Think of someone’s career trajectory as the line of a graph. From far away that line may look like one consistently rising line of achievement and progress. But get close to the graph, and you’re likely to see the peaks and valleys of actual experience. Distance can be dishonest. When we get up close we see what the present has cost: the sleepless nights, the conversations with friends and partners, the risky decisions.
Watch Corben Bone on the field for FC Cincinnati and you’ll see a man in his element, doing what he was made to do. But listen to episode 12 and you’ll hear Corben tell the story of disappointment, disillusionment, and the perseverance he’s needed to get here. You’ll hear how he almost quit the game several times after seeing his original MLS dreams go up in smoke. Now he’s back on his game (so to speak), and with FC Cincinnati’s recent invitation to join the MLS in 2019, Corben may very likely see those dreams come true after all.
Lesson 4: Finding Your Work Takes Time, And May Change Over Time
This is a hard one: there is simply no substitute for time. Quick, easy victories often end up being meaningless, but it’s the hard-fought wisdom that proves true in the end. Maybe you’ve switched streams a few times looking for the perfect fit. Chef Derek Dos Anjos told us how he quit working in restaurants at one point to work for MTV, only to realize his heart was in food. Maybe you’ve stayed where you are to shape the work to who you are. Matt Gunderman used his education to increase the influence and impact he could have in his work. Regardless, perspective only comes with sufficient distance.
That graph we mentioned earlier – the horizontal axis is time. So, if we’re unhappy, or even if we’re just uncertain, the solutions rarely lie in a single action or change. More often satisfaction, or success, or whatever is lacking, is the result of a series of intentional changes combined with sufficient time and the work needed to create something different.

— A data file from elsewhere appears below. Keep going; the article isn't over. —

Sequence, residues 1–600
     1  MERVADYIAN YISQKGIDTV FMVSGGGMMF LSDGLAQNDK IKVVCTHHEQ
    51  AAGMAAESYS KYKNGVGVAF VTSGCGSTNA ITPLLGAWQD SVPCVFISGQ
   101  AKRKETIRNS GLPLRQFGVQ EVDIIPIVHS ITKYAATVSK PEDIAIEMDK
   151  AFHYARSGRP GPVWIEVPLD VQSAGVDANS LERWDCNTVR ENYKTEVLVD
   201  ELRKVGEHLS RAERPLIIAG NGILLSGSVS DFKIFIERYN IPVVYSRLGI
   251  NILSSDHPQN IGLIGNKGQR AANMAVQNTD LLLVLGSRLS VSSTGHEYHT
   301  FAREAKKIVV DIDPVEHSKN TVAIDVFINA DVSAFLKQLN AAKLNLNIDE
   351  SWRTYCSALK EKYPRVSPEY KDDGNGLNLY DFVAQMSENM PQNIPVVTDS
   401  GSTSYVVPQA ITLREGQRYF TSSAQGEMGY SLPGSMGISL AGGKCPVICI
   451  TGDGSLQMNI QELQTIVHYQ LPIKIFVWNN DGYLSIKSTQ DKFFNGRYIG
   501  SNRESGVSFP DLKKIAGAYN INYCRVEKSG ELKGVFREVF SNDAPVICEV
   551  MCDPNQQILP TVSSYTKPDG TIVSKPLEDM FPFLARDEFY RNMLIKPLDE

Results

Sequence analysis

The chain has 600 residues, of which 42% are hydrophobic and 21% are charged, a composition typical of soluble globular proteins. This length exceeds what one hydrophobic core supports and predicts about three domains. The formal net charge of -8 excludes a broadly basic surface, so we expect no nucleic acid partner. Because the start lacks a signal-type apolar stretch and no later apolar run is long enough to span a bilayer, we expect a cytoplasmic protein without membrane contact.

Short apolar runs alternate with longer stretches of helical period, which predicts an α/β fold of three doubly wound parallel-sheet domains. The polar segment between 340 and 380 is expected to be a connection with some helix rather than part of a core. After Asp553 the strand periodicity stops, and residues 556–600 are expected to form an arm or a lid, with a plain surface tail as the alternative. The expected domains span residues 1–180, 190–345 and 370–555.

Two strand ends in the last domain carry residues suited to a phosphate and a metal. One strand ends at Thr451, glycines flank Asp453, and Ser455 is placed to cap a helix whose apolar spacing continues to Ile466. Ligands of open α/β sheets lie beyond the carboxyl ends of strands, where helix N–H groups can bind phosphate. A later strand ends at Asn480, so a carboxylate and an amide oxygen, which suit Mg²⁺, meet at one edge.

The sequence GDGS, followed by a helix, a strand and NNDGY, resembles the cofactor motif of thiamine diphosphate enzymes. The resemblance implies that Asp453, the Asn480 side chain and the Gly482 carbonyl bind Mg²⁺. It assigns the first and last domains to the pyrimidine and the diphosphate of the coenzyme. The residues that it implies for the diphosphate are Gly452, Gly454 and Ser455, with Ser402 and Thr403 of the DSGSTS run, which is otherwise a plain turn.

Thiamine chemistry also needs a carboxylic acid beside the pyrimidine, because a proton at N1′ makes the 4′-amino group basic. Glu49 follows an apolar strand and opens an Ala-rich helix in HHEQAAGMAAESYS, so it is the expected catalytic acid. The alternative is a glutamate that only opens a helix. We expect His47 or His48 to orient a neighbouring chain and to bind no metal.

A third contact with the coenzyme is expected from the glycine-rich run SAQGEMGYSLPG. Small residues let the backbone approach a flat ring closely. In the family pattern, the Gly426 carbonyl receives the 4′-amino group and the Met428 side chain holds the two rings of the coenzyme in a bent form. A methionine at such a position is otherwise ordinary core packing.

Which brings us to:
Lesson 5: It’s Never Too Late to Start
How many situations can you look back at and say, “If I’d only started then…I’d be somewhere different now”? In episode 3 David Wilcox talks about the “time-lapse bravery” of songwriting, of large-scale insight packed into a three-minute song. Finding one’s life’s work is kind of the opposite of writing a song. It’s a kind of bravery that can only be seen through a long lens. But the one sure thing is: you’ll never be anywhere different if you don’t start moving your feet.
For small business owner Danny Korman, that was admitting that the amazing thing he’d created had to end for the new chapter to begin. And so he closed his store Park & Vine after 10 very successful years and moved to Colorado. Tamaya Dennard wouldn’t be changing local politics in Cincinnati if she’d been afraid to leave corporate real-estate (and its big paycheck) and move into public service.
The culture that surrounds our work (at least in the United States) is largely built by the voices of industry, and those voices generally benefit from keeping people “stable.” But stable is a relative term. And the economy of recent years has proven for far too many of us how unreliable our institutions can be. But voyages of personal discovery are almost never based on apparent stability, they’re based on desire and hope. It’s never too late to find your calling, to reinvent yourself, to start your second (or third, or fourth) act.
Because (and this is a bonus insight):
The Job Is Almost Never the Work.
Because the “meaningful work” we’re searching for isn’t a paycheck. It’s the work of determining who we are and what we want from our lives. It’s figuring out how we can best be of service to the world around us. The true work is what it takes to get us there, and what it takes to get us to the next place. Maybe seeing our work through this lens will help us all be a little more inspired, even in the midst of less-than-perfect situations. Maybe we’ll be a little more appreciative of what those around us are doing to make sense of it all. And maybe we’ll cultivate a little more hope for what we are becoming.
Questions as you think about meaningful work:
- What are you expecting from your current work? Is it realistic?
- What might you be doing in your current job to make it more fulfilling?
- What could you do outside of your job to better fulfill those un-met parts of yourself?
Let us know how you’re asking and answering these questions in your life and work. Drop us a line here, or on Facebook, Twitter, or Instagram, and let us know if you have additional insights, and what these conversations mean to you.
Thanks for listening. Thanks for reading. Here’s to the future of what we will learn together.